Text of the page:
Higher intakes of the B vitamins thiamine and riboflavin from the diet may reduce the incidence of premenstrual syndrome (PMS) by about 35 percent, suggest new findings. According to a new paper published in the American Journal of Clinical Nutrition, the link between B vitamins and PMS is biologically plausible since B vitamins such as thiamine and riboflavin are known to play important roles in the synthesis of various neurotransmitters involved in PMS.
While most women experience mild emotional or physical premenstrual symptoms, as many as 8-20 per cent of women experience symptoms severe enough to meet the definition of premenstrual syndrome, which can substantially interfere with daily activities and relationships. The new study, performed by researchers from the University of Massachusetts, Harvard, and the University of Iowa, indicates that increase intakes of certain B vitamins from food sources may help reduce the incidence of PMS.
Using data from 1,057 women with PMS and 1,968 women without PMS participating in the Nurses' Health Study II cohort, the researchers found that women with the highest average intakes of riboflavin two to four years prior to diagnosis were associated with a 35 percent lower incidence of PMS than women with the lowest average intakes. On the other hand, the researchers did not observe any benefits with other B vitamins, including niacin, folate, B6, and B12. In addition, supplemental intakes of these vitamins was not linked to PMS incidence, they added. “We observed a significantly lower risk of PMS in women with high intakes of thiamine and riboflavin from food sources only,” wrote the researchers. “Further research is needed to evaluate the effects of B vitamins in the development of premenstrual syndrome.”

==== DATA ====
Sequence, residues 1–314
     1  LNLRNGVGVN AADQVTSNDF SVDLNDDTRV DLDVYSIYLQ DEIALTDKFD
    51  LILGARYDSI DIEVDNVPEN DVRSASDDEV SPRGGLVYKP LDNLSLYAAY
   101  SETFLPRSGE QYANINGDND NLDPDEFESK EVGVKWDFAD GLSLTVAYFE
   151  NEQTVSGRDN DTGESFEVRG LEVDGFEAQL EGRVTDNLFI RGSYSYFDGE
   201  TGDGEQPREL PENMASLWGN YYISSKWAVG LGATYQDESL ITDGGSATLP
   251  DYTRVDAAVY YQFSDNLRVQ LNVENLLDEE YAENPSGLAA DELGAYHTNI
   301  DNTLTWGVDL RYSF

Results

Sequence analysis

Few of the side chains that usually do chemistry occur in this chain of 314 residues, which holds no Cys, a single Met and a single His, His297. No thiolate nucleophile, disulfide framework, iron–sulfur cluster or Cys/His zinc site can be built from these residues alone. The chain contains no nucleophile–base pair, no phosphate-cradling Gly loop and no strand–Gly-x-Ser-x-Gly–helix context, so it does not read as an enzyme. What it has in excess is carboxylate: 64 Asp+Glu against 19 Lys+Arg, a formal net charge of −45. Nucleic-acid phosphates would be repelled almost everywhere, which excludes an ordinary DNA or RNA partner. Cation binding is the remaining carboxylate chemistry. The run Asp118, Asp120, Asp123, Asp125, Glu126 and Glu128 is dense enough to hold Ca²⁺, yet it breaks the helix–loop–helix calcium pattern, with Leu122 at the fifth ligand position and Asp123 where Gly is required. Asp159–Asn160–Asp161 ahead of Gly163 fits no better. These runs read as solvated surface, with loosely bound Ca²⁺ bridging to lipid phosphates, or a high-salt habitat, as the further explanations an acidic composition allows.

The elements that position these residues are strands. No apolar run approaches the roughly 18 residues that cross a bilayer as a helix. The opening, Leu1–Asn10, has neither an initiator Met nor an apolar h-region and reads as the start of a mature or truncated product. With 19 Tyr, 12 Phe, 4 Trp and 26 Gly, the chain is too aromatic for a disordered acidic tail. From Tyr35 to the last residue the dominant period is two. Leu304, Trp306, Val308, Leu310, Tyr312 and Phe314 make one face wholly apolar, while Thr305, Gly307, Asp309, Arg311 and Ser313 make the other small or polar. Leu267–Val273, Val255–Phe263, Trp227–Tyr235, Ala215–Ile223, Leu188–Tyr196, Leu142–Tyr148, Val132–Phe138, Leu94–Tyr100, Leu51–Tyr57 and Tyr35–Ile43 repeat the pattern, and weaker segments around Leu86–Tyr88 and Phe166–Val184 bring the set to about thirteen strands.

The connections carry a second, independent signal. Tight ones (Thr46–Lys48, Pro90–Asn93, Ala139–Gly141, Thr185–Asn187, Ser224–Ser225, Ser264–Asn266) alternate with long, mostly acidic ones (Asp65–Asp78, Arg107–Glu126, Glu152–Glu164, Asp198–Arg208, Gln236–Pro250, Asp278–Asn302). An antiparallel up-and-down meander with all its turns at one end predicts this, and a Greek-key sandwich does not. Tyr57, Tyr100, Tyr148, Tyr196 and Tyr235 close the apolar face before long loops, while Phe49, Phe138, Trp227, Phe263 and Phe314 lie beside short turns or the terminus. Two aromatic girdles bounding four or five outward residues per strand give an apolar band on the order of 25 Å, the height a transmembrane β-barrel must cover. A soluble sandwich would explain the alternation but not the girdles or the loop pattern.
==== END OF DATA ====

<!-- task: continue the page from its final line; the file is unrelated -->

Beyond the B vitamins, there is also some evidence for the potential of a diet rich in calcium and vitamin D to lower the risk of developing PMS, a condition that affects up to a fifth of all women. According to a study published in 2005 in the Archives of Internal Medicine (Vol. 165, pp1246-1252), researchers from the University of Massachusetts and GlaxoSmithKline reported for the first time that calcium and vitamin D may help prevent the initial development of PMS.
Source: The American Journal of Clinical Nutrition. Published online ahead of print, doi: 10.3945/ajcn.110.009530 “Dietary B vitamin intake and incident premenstrual syndrome” Authors: P.O. Chocano-Bedoya, J.E. Manson, S.E. Hankinson, W.C. Willett, S.R. Johnson, L. Chasan-Taber, A.G. Ronnenberg, C. Bigelow, E.R. Bertone-Johnson